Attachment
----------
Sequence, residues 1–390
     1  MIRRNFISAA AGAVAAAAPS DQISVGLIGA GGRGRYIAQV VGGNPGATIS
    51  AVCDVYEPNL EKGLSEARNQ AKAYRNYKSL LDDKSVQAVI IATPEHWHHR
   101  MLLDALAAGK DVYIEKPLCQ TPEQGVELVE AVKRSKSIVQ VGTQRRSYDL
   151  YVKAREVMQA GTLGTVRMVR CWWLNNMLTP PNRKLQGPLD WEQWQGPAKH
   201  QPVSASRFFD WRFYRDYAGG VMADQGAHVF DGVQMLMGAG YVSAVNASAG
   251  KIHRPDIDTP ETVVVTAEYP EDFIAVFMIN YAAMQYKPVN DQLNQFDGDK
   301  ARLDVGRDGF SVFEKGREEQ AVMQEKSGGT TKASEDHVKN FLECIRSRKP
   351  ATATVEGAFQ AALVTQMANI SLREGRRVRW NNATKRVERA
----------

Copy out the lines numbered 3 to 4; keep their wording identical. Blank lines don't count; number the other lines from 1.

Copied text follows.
    51  AVCDVYEPNL EKGLSEARNQ AKAYRNYKSL LDDKSVQAVI IATPEHWHHR
   101  MLLDALAAGK DVYIEKPLCQ TPEQGVELVE AVKRSKSIVQ VGTQRRSYDL